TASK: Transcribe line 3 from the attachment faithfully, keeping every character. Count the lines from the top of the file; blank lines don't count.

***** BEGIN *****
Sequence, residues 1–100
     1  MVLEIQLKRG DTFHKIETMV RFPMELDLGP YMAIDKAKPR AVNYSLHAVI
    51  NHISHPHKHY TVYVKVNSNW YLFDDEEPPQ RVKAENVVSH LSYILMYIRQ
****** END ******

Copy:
    51  NHISHPHKHY TVYVKVNSNW YLFDDEEPPQ RVKAENVVSH LSYILMYIRQ